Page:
June, 2020 Newsletter

Sharing information on nutrition and holistic health for your dog

What's New...

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Hello and welcome to June! Just like that, it feels like summer! 

 

I can already feel a shift into summertime mode, and my two dogs, Jake and Coral, have enjoyed their first cubes of watermelon out on the back deck. Watermelon is one of their favourite treats - although, who am I kidding - they're golden retrievers, so pretty much any kind of food is their favourite!

 

As much as we love the nice weather, we are not fans of bugs. You won't want to miss the News To Share section of this newsletter; I've got a recommendation for an all-natural treatment to help with the itch from bug bites.

 

I'm happy to report that my Victory Garden is growing and it looks like we are going to have lots of herbs this summer! An article on common table herbs you can share with your dogs is in the works.

 

My newest article, Tips for Introducing New Foods to Your Dog, is especially helpful for people who have a new dog, or those who are making a major change to their dog's current diet. Even experienced fresh feeders can pick up a few tips to pass along to others. 

 

Finally, I want to wish a Happy Father's Day to dog dads everywhere, and say Happy Graduation to the class of 2020!

What I'm Reading & Watching ... 

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Feed Your Pet Right: The Authoritative Guide to Feeding Your Dog and Cat

 

I started reading Feed Your Pet Right, by Malden C. Nesheim and Marion Nestle, a couple of weeks ago, and I'm fascinated by Marion Nestle's evaluation and insights into the pet food industry. Nestle (no relation to the corporation) outlines the history of pet food and pet food marketing. She does a deep dive into the problems with ingredient sourcing, pet food labeling, and the trouble with supplement regulations and efficacy.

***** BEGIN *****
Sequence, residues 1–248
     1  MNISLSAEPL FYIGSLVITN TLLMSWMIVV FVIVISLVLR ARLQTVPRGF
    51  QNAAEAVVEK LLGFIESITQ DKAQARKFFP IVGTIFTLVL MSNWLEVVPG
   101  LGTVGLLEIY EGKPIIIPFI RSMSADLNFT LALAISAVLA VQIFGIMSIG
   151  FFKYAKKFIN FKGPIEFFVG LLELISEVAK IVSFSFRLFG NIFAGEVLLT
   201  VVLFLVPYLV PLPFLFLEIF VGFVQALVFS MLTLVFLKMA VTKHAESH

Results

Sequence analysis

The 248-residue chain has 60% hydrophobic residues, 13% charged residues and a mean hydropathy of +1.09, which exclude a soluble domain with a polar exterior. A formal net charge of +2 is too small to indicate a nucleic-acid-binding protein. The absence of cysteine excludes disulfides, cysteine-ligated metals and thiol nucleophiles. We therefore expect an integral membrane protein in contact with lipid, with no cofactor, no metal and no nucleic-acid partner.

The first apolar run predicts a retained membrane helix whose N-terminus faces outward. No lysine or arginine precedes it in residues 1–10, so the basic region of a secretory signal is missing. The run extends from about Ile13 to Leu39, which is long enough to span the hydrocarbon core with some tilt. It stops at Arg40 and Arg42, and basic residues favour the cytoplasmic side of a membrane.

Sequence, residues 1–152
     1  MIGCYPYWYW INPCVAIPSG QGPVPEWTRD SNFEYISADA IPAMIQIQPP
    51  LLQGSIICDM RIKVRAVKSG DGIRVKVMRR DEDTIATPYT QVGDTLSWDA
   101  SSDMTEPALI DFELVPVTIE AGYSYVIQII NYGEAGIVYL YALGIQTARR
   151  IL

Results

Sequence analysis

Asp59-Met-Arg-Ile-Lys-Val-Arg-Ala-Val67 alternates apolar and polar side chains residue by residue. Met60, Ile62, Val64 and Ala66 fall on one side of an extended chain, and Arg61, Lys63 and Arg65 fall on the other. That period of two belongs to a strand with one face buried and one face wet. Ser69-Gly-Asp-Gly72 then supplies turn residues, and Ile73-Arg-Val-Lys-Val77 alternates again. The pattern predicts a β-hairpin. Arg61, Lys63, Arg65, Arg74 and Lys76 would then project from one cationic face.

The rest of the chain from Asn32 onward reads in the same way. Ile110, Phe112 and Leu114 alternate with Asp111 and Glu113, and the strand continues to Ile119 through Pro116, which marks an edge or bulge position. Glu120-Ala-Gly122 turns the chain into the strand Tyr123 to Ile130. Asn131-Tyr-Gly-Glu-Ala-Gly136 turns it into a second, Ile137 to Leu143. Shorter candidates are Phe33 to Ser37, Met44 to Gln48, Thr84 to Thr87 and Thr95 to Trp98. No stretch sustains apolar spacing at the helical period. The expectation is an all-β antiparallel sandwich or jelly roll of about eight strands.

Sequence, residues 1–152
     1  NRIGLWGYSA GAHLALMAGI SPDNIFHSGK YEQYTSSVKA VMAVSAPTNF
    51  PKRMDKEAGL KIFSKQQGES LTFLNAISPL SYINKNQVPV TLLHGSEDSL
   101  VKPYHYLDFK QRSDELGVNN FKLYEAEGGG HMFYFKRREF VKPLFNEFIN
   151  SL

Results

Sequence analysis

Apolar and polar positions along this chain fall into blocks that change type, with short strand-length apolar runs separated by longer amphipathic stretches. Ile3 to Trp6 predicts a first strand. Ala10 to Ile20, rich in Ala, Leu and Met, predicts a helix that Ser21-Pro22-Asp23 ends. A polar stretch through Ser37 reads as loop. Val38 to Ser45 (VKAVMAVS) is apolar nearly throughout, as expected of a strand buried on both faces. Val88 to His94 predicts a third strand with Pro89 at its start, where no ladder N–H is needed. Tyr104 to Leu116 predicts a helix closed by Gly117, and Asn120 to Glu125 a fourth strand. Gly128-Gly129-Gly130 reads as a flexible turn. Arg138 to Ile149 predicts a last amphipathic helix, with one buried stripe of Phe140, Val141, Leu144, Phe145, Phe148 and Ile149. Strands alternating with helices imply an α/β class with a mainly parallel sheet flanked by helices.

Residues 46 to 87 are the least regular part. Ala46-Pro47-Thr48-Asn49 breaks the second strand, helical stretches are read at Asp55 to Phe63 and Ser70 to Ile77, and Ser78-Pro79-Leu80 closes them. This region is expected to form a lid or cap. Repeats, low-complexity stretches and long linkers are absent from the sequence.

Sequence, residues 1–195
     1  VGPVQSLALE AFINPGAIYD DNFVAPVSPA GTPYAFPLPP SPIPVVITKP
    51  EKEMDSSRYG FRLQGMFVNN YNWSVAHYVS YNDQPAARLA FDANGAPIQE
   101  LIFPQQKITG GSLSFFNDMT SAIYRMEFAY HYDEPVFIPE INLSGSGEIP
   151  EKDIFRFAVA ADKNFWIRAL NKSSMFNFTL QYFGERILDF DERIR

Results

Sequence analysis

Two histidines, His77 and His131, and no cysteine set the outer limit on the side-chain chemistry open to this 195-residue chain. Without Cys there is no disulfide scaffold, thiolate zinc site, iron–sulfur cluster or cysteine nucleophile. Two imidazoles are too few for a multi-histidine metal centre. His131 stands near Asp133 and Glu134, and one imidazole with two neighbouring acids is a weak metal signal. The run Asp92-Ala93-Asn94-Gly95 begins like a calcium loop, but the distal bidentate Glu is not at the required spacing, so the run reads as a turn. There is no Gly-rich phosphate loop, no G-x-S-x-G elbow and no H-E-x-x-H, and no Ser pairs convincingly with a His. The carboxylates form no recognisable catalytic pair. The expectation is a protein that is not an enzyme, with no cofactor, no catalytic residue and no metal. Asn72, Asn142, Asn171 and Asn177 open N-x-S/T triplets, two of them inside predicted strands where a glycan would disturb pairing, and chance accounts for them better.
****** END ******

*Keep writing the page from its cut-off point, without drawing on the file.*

I'm half the way through this book, and looking forward to the chapters where Nestle and Neshiem discuss the massive need for transparency in the pet food world, as well as the unintentional bias and conflict of interest among veterinarians who sell pet food.

 

 

The Dog Doc

 

The Dog Doc is a documentary I had been looking forward to watching and I finally got the chance to see it last weekend. It was so good!

 

The Dog Doc showcases the incredible work of integrative veterinarian, Dr. Marty Goldstein and his colleagues at the Smith Ridge Veterinarian Center in New York state. The documentary follows a  group of dogs who have been brought to Smith Ridge seeking treatment - often as their last hope. Using both holistic and traditional modalities these animals receive compassionate and innovative care with exciting and encouraging results. This is not to say you will not need tissues to wipe away some tears.

 

Interestingly, in the early days of Dr. Goldstein's career, he was often dismissed as a quack for using acupuncture and for recommending probiotics - both of which are now widely accepted treatments for dogs.

 

Proper nutrition is a key component to all of Dr. Goldstein's recommendations for good health and a strong immune system, which, of course, is what I'm all about!

 

The Dog Doc is available for purchase or rent on iTunes and Amazon Prime in the US, and iTunes in Canada.

Fresh Food Facts ...

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Fabulous fresh food facts about watermelon ... 

 

  • Good source of vitamins A and C.

  • One half cup of watermelon contains only 25 calories.